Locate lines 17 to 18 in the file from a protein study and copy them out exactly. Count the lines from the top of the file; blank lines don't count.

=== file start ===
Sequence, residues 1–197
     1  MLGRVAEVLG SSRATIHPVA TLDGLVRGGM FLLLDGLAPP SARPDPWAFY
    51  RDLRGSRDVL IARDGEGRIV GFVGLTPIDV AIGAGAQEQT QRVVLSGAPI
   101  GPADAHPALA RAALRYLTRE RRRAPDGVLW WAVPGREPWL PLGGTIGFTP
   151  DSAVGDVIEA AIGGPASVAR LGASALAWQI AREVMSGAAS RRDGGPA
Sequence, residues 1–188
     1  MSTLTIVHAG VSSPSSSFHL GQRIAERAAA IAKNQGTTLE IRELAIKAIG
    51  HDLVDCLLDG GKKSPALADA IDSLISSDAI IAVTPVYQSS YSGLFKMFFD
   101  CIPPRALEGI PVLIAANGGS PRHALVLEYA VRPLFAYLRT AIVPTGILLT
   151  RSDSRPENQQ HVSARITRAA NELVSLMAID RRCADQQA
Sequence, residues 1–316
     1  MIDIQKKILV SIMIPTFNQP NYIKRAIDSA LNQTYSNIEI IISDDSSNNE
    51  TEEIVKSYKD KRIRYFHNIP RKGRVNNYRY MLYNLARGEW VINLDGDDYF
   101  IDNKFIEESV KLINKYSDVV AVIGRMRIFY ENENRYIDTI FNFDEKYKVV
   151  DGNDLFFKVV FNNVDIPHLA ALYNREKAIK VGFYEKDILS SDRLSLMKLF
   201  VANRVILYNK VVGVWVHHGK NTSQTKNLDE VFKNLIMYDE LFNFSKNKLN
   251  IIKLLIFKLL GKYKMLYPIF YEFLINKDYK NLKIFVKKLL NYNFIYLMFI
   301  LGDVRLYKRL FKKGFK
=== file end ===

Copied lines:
   251  IIKLLIFKLL GKYKMLYPIF YEFLINKDYK NLKIFVKKLL NYNFIYLMFI
   301  LGDVRLYKRL FKKGFK